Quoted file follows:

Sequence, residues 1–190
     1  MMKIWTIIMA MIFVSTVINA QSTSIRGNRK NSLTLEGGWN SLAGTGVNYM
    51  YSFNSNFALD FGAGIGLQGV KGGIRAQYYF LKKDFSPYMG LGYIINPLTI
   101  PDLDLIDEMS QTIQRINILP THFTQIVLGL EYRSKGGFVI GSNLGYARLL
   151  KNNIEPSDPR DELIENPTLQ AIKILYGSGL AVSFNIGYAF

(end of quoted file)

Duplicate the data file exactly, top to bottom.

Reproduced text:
Sequence, residues 1–190
     1  MMKIWTIIMA MIFVSTVINA QSTSIRGNRK NSLTLEGGWN SLAGTGVNYM
    51  YSFNSNFALD FGAGIGLQGV KGGIRAQYYF LKKDFSPYMG LGYIINPLTI
   101  PDLDLIDEMS QTIQRINILP THFTQIVLGL EYRSKGGFVI GSNLGYARLL
   151  KNNIEPSDPR DELIENPTLQ AIKILYGSGL AVSFNIGYAF